Some people have serious doubts that the so-called merger between the bj-league and JBL will materialize due to a leadership vacuum in the sport, among other factors.

Taka Karato, an Osaka-based observer whom I spoke to recently, pointed out that “I have never heard the vision and the clear plan of the future basketball league. All I know about the bj-league is that their management ability is worse than ramen chain restaurants.”

Ryukyu Golden Kings big man Jeff Newton, who has played in the league since 2005, acknowledged it’s a tough question, but supports growth in principal.

“Personally as a player and a fan of the league, I love seeing it grow in size and popularity,” Newton, a four-time bj-league title winner, said Friday. “I guess I’m a little bit biased, but it excites me to have more teams on the way.

“But is it too soon? Will it hurt some teams? Only time will tell. We’ll see. There’s only so much information about the situation I get, so from my seat I would think that most players would support the move.”

Lakestars center Ray Schafer agreed that the league’s future is uncertain right now.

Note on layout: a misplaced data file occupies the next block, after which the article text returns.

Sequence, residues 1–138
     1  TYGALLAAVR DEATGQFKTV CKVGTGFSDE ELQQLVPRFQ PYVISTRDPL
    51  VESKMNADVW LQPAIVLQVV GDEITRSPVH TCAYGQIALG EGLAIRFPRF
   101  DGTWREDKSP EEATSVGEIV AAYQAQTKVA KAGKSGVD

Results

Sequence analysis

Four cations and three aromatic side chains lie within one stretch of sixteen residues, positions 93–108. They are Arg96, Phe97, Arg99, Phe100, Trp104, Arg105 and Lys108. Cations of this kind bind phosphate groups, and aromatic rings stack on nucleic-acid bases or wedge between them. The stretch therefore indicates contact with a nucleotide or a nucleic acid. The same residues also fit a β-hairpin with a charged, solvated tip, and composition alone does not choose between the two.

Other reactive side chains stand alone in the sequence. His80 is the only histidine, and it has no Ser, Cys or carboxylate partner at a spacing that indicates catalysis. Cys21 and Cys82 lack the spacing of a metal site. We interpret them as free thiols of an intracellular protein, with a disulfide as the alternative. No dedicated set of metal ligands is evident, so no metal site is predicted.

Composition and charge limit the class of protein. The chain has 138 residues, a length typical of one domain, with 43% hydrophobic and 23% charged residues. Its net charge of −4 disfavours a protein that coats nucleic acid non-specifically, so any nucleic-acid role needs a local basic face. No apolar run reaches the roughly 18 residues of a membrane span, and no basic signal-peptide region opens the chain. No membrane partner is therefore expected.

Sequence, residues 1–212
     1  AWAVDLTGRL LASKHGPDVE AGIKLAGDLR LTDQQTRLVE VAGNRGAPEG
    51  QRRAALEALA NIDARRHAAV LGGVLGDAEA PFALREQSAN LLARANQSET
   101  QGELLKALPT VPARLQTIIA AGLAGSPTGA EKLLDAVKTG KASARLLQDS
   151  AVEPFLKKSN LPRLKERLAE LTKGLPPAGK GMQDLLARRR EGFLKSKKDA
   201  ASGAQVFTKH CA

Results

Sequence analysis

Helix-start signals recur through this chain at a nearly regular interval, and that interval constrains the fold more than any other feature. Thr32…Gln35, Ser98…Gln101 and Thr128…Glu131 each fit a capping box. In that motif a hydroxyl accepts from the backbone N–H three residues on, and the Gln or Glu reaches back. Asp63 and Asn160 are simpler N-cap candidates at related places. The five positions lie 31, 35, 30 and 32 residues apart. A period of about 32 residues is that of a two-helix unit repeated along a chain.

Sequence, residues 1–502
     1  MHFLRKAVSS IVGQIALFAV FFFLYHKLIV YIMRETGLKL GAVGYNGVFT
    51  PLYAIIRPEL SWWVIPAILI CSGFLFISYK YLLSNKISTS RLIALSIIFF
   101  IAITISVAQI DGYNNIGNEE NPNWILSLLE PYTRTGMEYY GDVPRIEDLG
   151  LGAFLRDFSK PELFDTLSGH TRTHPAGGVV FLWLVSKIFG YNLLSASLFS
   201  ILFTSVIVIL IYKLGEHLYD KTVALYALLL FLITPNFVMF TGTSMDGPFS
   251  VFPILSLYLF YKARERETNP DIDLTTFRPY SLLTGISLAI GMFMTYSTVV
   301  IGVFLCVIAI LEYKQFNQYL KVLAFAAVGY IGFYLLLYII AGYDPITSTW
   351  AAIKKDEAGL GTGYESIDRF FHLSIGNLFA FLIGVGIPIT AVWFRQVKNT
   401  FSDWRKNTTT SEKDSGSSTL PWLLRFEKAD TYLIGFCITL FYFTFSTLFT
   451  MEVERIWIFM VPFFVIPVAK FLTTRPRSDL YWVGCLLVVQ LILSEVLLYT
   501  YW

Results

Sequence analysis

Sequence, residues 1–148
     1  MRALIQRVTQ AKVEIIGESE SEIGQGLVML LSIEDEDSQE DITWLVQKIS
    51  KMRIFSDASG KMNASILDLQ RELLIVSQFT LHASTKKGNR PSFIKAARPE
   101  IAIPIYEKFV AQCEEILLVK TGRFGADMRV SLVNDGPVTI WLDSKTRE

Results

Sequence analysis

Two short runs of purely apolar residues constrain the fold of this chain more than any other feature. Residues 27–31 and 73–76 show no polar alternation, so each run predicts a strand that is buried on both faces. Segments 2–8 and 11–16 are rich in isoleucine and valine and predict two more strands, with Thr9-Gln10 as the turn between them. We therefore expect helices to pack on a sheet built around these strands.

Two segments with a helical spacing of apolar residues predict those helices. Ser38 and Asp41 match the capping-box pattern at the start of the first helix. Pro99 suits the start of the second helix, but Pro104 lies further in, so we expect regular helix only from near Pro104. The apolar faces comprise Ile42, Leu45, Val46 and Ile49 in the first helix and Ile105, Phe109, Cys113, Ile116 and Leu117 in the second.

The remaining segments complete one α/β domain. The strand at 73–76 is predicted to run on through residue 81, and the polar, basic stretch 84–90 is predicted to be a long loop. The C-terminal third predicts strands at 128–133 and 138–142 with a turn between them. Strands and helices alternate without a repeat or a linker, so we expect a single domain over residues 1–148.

“I don’t know if more (teams) is better because of the quality that can be diluted . . . players and coaches being spread out,” he said. “But I do know there are a lot of great players in this league who don’t see playing time because they are second or third in line.”

Osaka Evessa booster Wolfy Nishioka said, “Expansion is not good, (but) all things are not bad. Some of (the league’s) excuses are some expansion teams have good attendance just like Shimane and Akita. But how about Miyazaki (averaging 923 fans per game; 14th among 16 teams through Jan. 24)?”

With continued rapid expansion, Nishioka said, “players’ level will be lower . . . and refs’ level will (be) worse.”

Tommie McGowan, a Golden Kings supporter, offered his insights as well.